Sunday, January 14, 2007

Dealing with George W. Bush

One of the greatest features of a democracy with a well-crafted constitution is that it offers various legal tools for dealing with incompetents and bullies like George W. Bush. Unfortunately, one of the disadvantages is that democracy takes time. George W. Bush should never have been reelected. All the problems that the American people are now seeing with some degree of clarity were evident before the 2004 presidential election, though it should be pointed out that 59 million people saw the problem—it's unfortunate that 62 million saw something that wasn't there.

These days, we are in something of a constitutional crisis; the paramount issue is keeping Bush from dragging the United States into a deeper war and completely destroying the vision of foreign policy, flawed as it is, that has existed since Franklin Roosevelt. It is evident that Bush and Cheney wish to replace the old foreign policy with something far worse or so crippled that reformers will takes years to repair it.

Glenn Greenwald of Unclaimed Territory has some thoughtful insights into the Bush and Cheney regime:
The reason Bush violated the law when eavesdropping is the same reason Lithwick cites to explain his other lawless and extremist measures -- because he wanted purposely not to comply with the law in order to establish the general "principle" that he was not bound by the law, to show that he has the power to break the law, that he is more powerful than the law. This is a President and an administration that are obsessed first and foremost with their own power and with constant demonstrations of their own strength. Conversely, what they fear and hate the most is their own weakness and submission to limitations.

For that reason, the weaker and more besieged the administration feels, the more compelled they will feel to make a showing of their power. Lashing out in response to feelings of weakness is a temptation most human beings have, but it is more than a mere temptation for George Bush. It is one of the predominant dynamics that drives his behavior.

His party suffered historic losses in the 2006 midterm elections as a result of profound dissatisfaction with his presidency and with his war, and his reaction was to escalate the war, despite (really, because of) the extreme unpopularity of that option. And as Iraq rapidly unraveled, he issued orders that pose a high risk of the conflict engulfing Iran. When he feels weak and restrained, that is when he acts most extremely.

Bush officials and their followers talk incessantly about things like power, weakness, domination, humiliation. Their objectives -- both foreign and domestic -- are always to show their enemies that they are stronger and more powerful and the enemies are weaker and thus must submit ("shock and awe"). It is a twisted world view but it dominates their thinking (and that is how our country has been governed for the last six years, which is what accounts for our current predicament). As John Dean demonstrated, a perception of one's weakness and the resulting fears it inspires are almost always what drive people to seek out empowering authoritarian movements and the group-based comforts of moral certitude.

When talking about Bush and his abuses of power, Richard Nixon is a good comparison and John Dean has been very helpful with illustrating a number of issues including the tendency of conservatives to give in too easily to authoritarianism, but I think the last character to specifically behave like George W. Bush and Dick Cheney was Senator Joseph McCarthy (and by extension, J. Edgar Hoover who quickly changed course after McCarthy's fall (...or appeared to)). What made McCarthy so dangerous was that he specialized in fear, the use of fear for bullying and increasing his power. But eventually McCarthy was reined in without using some of the powerful legal tools available. Keep in mind that McCarthy was never convicted of anything. No serious effort was made to arrest or impeach him. But he was exposed for what he was and he was censured—and power inexorably slipped from his hands. Of course, it helped that even President Eisenhower finally turned on him.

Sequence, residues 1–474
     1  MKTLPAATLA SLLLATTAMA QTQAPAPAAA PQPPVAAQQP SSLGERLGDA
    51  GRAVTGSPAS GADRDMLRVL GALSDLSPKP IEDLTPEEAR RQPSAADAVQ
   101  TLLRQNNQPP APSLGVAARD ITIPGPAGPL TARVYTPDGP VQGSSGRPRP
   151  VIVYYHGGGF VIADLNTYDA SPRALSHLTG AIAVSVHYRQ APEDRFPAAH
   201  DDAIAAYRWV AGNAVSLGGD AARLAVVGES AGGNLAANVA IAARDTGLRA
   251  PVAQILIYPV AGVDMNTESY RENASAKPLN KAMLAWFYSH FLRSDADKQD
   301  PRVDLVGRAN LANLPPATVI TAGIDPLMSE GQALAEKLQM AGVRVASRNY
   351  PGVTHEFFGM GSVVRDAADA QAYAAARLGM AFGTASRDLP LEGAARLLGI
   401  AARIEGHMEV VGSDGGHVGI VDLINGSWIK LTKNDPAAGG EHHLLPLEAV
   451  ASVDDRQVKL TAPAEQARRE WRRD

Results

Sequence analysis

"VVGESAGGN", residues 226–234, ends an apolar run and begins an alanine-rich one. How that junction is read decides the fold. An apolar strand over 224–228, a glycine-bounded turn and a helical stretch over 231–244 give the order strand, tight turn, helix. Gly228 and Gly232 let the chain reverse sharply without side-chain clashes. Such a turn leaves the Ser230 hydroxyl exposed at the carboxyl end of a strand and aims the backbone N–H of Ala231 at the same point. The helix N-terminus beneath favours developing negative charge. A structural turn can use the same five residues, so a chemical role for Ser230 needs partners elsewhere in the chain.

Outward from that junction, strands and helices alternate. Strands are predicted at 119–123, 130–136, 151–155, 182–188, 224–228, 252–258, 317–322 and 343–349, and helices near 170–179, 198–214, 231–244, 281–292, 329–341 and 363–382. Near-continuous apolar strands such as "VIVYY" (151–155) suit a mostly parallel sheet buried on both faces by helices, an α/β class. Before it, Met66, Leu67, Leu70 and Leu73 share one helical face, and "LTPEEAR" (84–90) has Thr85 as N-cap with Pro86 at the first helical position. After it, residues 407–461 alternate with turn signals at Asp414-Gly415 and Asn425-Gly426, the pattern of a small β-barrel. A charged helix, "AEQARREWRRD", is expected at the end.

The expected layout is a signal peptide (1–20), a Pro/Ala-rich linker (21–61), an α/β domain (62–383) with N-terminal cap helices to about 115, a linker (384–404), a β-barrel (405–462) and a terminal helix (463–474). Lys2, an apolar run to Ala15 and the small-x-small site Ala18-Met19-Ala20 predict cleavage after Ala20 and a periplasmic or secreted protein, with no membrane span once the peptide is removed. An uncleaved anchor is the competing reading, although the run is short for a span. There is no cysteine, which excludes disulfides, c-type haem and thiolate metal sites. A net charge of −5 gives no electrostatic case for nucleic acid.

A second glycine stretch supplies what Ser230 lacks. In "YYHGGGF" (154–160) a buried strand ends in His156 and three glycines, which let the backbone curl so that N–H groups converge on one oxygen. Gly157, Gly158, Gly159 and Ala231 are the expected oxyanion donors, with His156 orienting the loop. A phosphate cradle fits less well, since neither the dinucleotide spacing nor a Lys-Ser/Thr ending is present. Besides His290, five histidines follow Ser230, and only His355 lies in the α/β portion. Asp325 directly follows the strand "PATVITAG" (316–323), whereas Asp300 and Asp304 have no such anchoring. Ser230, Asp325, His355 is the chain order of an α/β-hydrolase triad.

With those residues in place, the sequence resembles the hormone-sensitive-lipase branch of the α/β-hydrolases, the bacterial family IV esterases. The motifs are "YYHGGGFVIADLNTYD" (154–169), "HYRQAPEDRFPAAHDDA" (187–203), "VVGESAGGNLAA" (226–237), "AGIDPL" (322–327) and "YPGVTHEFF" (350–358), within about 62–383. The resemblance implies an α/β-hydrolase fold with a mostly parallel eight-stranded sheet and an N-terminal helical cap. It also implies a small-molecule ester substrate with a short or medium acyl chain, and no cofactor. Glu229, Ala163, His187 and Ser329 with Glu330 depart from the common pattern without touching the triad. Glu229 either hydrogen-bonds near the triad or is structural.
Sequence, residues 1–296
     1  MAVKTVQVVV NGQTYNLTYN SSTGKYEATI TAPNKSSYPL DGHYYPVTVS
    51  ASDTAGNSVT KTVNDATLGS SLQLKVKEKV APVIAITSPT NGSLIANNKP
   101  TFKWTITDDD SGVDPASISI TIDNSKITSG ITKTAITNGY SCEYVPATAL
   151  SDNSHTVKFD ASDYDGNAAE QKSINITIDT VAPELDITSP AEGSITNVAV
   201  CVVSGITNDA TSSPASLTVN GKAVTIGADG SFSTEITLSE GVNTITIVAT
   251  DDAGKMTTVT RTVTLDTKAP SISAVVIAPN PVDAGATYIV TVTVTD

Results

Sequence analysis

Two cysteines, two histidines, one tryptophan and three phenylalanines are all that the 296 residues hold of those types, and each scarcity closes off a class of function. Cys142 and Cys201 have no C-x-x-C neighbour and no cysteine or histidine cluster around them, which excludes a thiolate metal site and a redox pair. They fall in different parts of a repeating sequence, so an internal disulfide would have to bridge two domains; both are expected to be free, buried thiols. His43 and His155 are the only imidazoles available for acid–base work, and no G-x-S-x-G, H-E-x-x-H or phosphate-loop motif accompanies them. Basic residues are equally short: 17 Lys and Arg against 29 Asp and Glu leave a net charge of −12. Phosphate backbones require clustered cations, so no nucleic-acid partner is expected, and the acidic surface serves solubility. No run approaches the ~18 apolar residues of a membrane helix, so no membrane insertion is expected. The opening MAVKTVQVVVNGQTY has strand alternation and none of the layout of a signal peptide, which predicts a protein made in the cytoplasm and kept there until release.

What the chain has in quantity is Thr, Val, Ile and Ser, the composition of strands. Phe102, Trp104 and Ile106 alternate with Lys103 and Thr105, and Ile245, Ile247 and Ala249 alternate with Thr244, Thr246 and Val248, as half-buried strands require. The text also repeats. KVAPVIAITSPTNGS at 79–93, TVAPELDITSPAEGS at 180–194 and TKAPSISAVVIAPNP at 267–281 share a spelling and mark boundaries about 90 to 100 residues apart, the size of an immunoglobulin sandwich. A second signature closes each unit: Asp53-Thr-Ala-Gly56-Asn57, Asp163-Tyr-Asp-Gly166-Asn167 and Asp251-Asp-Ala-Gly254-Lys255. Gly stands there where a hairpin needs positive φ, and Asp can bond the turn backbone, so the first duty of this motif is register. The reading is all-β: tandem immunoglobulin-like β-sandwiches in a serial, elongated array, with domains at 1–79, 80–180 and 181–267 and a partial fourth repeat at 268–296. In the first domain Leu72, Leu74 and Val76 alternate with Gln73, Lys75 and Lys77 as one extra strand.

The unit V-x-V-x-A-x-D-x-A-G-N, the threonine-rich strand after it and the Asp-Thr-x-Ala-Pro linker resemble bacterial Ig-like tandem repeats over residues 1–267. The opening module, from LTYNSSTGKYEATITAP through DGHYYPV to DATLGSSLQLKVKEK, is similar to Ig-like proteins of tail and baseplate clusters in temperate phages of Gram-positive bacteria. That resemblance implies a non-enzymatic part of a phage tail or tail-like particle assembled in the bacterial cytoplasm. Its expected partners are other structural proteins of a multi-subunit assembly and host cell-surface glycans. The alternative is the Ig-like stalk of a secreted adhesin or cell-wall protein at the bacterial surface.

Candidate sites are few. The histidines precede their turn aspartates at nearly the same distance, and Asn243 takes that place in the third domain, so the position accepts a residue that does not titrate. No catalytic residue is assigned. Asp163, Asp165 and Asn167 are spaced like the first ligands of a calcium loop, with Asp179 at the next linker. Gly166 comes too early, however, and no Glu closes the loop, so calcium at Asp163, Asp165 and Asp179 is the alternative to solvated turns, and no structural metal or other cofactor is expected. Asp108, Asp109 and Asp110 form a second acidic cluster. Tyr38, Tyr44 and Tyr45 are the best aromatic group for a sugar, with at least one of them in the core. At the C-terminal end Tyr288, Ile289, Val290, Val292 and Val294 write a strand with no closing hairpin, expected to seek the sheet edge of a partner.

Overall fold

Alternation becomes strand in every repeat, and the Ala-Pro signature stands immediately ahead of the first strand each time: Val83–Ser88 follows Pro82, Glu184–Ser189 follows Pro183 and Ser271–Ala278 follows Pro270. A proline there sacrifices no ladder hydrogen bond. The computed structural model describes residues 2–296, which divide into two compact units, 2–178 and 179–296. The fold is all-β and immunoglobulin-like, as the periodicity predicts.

Hurricane Katrina still remains one of the keys to the Bush presidency. Katrina absolutely left no doubt of Bush's incompetence. When his political team doesn't have days or weeks to carefully craft a phony message, Bush is helpless. His first real reaction when the American people made known their displeasure with his performance was to behave like a bully and demand the right to call out the military the next time such a disaster hit; bullies always want more power when their incompetence is profoundly exposed.

The way to deal with bullies is to stand up to them. When bullies behave like Tom DeLay (I am the government, he reportedly once said) or like the current crew in the White House, the pressure must be maintained. It might help, though, to make sure Bush begins to think about a pleasant retreat to Crawford, Texas, or if investigations begin to turn up too much material, his huge family ranch in Paraguay.

In the winter of 2007, after six years of profound recklessness and incompetence, a certain degree of urgency exists. Bush keeps talking about his historical destiny which is nonsense, of course. But Congress does have an historical obligation to check Bush's abuses of power. It's in the Constitution, a document written by people very familiar with abuses of power.

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1 Comments:

Anonymous S.W. Anderson said...

Well said. George W. Bush more or less exiled to Paraguay works for me.

I'm not really familiar with Paraguay, but if it follows the too-typical Latin American economic, social and political configuration, I suspect Bush would find it very copacetic.

8:03 PM  

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